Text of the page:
TMG-L ArchivesArchiver > TMG > 2007-10 > 1193801475
From: "Jill Morelli" <>
Subject: Re: [TMG] House Genealogy
Date: Tue, 30 Oct 2007 20:31:15 -0700
While most responses have been about where to get information, it appears to
me that TMG might be able to handle this task better than some. I have been
contemplating a similar study. My thought process was to have every address
be a "person". Each person had "children" that were the occupants of the
house. It would also be possible if you were starting at the most recent
past that you would have the house be the child and then starting with the
present occupants work back in time and have the house have "parents".
I have a street in Germany in the 1800's where the pastor recorded the house
numbers for many years. We thought it might be interesting to see the
patterns of movement in and out of the houses during his tenure as pastor.
Just what we were looking at. I am not sure this would work but would be
interested in how other might use TMG to fashion such an historical record.
From: [mailto:] On Behalf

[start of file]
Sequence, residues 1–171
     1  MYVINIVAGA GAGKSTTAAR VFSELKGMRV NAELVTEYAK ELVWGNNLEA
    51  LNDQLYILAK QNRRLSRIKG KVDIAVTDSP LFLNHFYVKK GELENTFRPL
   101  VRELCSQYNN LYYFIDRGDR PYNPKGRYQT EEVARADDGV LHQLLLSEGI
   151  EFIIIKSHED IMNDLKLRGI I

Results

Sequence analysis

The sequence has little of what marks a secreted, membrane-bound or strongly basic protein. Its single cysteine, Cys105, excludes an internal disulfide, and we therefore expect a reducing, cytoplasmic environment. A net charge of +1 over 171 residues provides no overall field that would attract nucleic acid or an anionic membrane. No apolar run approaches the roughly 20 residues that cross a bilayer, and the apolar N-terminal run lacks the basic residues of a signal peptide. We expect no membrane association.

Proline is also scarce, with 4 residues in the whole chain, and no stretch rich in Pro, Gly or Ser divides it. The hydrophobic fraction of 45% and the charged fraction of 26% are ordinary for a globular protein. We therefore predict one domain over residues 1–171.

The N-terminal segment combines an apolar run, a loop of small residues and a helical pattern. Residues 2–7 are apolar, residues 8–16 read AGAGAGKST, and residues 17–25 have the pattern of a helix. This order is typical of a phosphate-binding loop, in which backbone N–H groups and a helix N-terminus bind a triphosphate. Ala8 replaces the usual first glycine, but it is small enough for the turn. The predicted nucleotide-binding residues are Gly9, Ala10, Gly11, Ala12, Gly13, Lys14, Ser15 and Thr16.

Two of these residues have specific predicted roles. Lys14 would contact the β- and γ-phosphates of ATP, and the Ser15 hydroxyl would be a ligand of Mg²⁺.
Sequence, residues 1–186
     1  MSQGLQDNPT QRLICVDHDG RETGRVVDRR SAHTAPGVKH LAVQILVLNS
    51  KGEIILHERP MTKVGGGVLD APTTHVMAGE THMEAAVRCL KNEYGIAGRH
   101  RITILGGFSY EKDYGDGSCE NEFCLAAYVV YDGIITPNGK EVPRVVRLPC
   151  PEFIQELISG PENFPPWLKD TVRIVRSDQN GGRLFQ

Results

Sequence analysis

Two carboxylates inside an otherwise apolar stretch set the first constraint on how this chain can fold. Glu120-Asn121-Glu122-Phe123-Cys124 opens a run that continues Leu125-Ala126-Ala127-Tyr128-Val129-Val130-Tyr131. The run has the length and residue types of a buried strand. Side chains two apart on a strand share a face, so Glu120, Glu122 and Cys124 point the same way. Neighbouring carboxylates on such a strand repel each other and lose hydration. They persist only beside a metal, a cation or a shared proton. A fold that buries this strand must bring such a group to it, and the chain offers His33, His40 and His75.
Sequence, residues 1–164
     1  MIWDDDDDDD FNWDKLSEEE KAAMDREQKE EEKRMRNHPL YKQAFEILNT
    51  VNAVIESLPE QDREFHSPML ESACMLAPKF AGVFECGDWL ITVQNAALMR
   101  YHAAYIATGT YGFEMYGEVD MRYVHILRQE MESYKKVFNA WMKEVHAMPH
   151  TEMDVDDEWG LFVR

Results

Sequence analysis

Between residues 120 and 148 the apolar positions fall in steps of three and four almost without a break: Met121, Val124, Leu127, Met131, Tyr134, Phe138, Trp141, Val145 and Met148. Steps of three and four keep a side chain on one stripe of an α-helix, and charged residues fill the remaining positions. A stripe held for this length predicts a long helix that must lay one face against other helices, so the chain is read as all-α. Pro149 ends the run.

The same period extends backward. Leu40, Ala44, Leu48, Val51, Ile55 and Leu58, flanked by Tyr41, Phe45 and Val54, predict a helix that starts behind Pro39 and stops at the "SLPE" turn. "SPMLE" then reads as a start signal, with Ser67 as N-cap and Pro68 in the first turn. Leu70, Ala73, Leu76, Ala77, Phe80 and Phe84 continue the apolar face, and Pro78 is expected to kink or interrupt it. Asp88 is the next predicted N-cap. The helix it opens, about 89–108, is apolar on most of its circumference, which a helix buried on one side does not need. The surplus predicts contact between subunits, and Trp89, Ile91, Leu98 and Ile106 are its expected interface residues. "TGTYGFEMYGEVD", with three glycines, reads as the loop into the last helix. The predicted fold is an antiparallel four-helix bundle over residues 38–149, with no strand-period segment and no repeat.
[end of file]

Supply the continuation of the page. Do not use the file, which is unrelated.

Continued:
Of Marion Harcourt
Sent: Tuesday, October 30, 2007 11:14 AM
Subject: [TMG] House Genealogy
You might start with the information your state has on the house(s). In the
Historic Preservation Act of 196x, Congress required each state to survey
all structures over 50 years old. In Indiana that fell to the Archeology div
in the Dept. Natural Resources (go figure). Anyway, they contracted to
Historic Landmarks of Indiana for the job. They hired history graduate
students to go on foot block by block, into each township in the state. They
photographed, interviewed, and lightly researched everything over 50 years
old. The results have been published bit by bit over the past fifteen years.
The volumes will be somewhere in your state office building, as well as
other places appropriate.
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